The veto was not always a key tool of executive power; early presidents used it with restraint or, as in the cases of John Adams, Thomas Jefferson, and John Quincy Adams, not at all. Things began to change once Andrew Jackson arrived in office and set about expanding the powers of the presidency. Prior to Jackson, according to UCLA political scientist Scott James, "[s]ettled practice authorized vetoes where Congress's authority to legislate in a given area was constitutionally murky, or where hasty consideration produced legislation with remediable technical deficiencies."Things I didn't know. In any case, Levinson's complaints about against the veto mostly boil down to the fact that, thanks to the electoral college, presidents aren't really very representative of the nation as a whole—they can lose the popular vote, after all, and are often elected by pandering to the preferences of a few key "swing" states—and hence, shouldn't be able to thwart the will of Congress, which is more democratic. That sounds more like an argument for scrapping the electoral college to me, but what do I know.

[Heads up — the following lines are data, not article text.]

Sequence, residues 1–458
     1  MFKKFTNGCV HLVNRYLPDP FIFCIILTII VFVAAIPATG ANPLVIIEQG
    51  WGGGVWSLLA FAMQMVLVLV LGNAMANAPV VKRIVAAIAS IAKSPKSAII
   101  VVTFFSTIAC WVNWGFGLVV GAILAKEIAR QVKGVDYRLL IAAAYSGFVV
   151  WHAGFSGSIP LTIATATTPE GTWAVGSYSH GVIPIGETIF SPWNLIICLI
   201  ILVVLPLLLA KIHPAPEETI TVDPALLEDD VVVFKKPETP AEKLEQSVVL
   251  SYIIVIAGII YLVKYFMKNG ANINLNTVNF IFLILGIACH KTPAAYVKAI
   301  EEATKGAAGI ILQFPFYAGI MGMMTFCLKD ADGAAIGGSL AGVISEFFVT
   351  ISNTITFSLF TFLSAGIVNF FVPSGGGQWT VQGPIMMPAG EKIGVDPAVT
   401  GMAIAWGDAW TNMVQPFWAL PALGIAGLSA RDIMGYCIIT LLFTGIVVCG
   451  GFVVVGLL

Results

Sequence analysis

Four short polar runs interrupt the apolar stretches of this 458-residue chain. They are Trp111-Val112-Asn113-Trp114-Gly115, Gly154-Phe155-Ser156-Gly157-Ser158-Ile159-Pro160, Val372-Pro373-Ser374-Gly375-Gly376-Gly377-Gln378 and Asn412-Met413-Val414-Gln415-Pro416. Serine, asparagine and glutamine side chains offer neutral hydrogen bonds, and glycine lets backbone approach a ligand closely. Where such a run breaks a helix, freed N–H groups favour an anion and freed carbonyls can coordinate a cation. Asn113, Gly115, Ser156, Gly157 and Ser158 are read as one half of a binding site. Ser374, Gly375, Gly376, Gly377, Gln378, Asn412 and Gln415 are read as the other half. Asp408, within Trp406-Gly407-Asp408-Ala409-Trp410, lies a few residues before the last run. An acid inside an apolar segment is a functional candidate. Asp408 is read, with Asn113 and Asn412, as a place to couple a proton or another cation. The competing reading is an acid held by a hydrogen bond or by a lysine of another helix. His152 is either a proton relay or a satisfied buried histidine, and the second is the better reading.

The veto did not operate "to substitute the president's judgment for the Congress's on national policy matters." In the ensuing decades, however, presidents slowly stopped thinking of themselves as mere enforcers of laws passed by an autonomous Congress. The veto gave them power to block legislation they disliked, and the threat of the veto gave them growing influence over how laws took shape. Soon, presidents were key participants in the legislative process.